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Singin' in the Rain film image

Singin' in the Rain

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Even people who don’t like musicals love Singin’ in the Rain – yet it is the quintessential musical, the apotheosis, conceived as nothing more (and nothing less) than a celebration of the form: “Gotta dance! Gotta dance! Gotta dance!”

The script (by Adolph Green and Betty Comden) was written around some two dozen numbers by Nacio Herb Brown and Arthur Freed. The title song hails from one of the earliest screen musicals, The Hollywood Revue of 1928, and it was Green and Comden’s inspiration to make that transitional period the fulcrum of their story. Unlike Sunset Blvd, made three years later, Singin in the Rain doesn’t eulogise the silent era, it guys its innocence and exults in the liberating possibilities of sound. It’s an affectionate satire on the foibles and folklore of the movie biz: the vanity of stars, philistine producers and pretentious artists all combining to make something truly magical – at least sometimes.

Featuring breathtaking dance numbers from Kelly, Debbie Reynolds, Cyd Charisse and even Donald O’Connor, this film would be considered a classic even if it didn’t include the title number, Gene Kelly’s legendary late night tap dance in the street, one of those sequences that alone would justify the very existence of Hollywood. The film was recently a touchstone and inspiration for Damien Chazelle’s Babylon. In Sight & Sound’s canonical poll, it came in at #10 in 2022.

Sunday’s screening in our PANTHEON series will feature free refreshments and a short introduction by Harry Killas, filmmaker and Associate Professor, Emily Carr University of Art + Design.

 

Presented by

Director

Stanley Donen, Gene Kelly

Cast

Gene Kelly, Debbie Reynolds, Donald O’Connor, Jean Hagen, Cyd Charisse, Millard Mitchell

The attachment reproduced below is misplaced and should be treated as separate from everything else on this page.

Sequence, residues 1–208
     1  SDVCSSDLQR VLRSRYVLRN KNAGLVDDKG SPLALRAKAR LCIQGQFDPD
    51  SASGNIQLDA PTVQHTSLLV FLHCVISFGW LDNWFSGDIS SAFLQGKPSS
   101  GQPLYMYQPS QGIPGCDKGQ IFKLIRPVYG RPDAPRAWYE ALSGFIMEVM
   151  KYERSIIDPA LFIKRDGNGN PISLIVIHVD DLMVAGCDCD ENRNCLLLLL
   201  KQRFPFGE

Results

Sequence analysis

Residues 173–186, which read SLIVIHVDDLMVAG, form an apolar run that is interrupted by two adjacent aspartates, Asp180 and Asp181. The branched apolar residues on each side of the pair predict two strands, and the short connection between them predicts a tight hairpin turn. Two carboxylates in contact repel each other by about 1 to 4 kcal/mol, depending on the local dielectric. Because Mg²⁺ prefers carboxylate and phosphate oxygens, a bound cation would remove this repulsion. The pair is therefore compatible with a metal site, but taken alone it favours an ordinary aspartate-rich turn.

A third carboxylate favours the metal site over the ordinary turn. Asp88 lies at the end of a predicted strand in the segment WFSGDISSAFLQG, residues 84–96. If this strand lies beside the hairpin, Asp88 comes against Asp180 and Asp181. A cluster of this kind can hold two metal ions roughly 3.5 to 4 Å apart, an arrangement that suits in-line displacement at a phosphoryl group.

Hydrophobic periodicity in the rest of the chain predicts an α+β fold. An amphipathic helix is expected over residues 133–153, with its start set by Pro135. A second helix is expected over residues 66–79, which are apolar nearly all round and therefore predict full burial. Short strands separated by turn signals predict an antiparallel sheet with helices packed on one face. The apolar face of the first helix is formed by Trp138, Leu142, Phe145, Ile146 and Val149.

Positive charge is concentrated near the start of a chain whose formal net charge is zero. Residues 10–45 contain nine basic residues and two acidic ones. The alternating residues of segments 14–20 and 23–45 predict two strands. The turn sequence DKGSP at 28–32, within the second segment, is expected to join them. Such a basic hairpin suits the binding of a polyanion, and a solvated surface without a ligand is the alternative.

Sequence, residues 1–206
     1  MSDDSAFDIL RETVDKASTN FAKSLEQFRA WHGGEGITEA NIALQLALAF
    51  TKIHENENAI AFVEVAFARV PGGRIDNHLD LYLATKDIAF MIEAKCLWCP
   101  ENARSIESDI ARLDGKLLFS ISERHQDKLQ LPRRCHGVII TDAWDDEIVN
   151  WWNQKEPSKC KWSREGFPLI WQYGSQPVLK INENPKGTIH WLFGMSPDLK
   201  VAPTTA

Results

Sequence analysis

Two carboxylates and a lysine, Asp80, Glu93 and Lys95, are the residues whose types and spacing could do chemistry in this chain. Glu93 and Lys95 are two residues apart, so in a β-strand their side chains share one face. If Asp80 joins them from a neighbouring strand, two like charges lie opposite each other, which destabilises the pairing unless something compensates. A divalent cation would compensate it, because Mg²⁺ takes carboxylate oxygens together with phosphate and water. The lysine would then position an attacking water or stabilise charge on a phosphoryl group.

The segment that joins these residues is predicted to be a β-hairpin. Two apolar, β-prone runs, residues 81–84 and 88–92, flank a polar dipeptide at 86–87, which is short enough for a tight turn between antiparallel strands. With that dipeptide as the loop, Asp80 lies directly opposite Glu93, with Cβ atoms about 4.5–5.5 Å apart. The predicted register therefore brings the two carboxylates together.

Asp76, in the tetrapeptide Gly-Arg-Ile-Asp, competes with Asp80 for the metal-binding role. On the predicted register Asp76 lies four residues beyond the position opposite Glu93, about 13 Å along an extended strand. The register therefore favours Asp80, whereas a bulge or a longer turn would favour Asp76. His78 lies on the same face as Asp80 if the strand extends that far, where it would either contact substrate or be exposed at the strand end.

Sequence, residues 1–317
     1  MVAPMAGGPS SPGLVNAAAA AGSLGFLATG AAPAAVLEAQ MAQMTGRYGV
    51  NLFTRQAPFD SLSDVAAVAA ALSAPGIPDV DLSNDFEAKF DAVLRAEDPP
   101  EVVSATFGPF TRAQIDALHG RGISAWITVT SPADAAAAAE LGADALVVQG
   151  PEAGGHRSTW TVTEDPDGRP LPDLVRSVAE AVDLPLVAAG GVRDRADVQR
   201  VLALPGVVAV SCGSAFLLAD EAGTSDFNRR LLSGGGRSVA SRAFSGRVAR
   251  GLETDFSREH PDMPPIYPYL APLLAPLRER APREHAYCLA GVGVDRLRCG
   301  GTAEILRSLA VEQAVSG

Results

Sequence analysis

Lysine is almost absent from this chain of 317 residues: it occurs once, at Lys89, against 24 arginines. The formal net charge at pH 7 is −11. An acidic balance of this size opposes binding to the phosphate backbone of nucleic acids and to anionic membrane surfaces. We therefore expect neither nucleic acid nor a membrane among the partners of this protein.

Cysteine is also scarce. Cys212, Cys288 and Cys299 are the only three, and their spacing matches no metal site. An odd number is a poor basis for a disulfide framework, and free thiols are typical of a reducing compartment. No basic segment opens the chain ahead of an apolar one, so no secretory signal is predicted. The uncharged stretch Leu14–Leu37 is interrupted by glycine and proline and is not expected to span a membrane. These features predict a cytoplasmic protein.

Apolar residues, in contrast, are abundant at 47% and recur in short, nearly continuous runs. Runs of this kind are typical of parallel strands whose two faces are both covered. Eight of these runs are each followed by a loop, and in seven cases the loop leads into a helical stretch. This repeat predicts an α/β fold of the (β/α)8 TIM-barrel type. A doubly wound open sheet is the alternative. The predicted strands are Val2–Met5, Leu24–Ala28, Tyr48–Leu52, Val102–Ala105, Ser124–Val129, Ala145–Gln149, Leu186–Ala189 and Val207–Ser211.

Credits
Country of Origin

USA

Year

1952

Language

English

19+
103 min

Book Tickets

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Credits

Producer

Arthur Freed

Screenwriter

Adolph Green, Betty Comden

Cinematography

Harold Rosson

Editor

Adrienne Fazan

Original Music

Nacio Herb Brown, Arthur Freed

Also in This Series

Daisies + Meshes of the Afternoon

This program highlights two landmarks in feminist film: Maya Deren's surrealist short Meshes of the Afternoon (1943), and Vera Chytilova's subversive new wave farce, Daisies (1966), perhaps the most radical, confrontational film of the era.

VIFF Centre - Vancity Theatre

Sunrise

The consummate director of the silent era, Murnau was schooled in German Expressionism and embraced the fluidity and dynamism of the moving camera. Invited to Hollywood he prefigured film noir with this tale of a married villager seduced by a city vamp.

VIFF Centre - Vancity Theatre

Pather Panchali

Satyajit Ray's first film opened eyes in the West. It's a naturalistic portrait of the childhood of a Brahman child, Apu, growing up in a village far from twentieth century technology in West Bengal.

VIFF Centre - Vancity Theatre

The Night of the Hunter

One of the strangest and most beguiling movies you'll ever see, from a poetic, nightmarish novel by Davis Grubb, a fable about two children fleeing from a psychotic evangelical preacher (Robert Mitchum). Charles Laughton's only film as director.

VIFF Centre - Vancity Theatre

The Battle of Algiers

French Colonel Mathieu hunts for Algerian resistance leader Ali la Pointe in Pontecorvo's classic, which draws the battle lines between colonialists and Arab insurrectionists in a pulsating, "fly-on-the-wall" documentary style.

VIFF Centre - Vancity Theatre

Playtime

Jacques Tati was modernity's clown; technology his banana skin. Here his alter-ego Monsieur Hulot navigates a sterile Paris that seems designed to thwart his every wish.

VIFF Centre - Vancity Theatre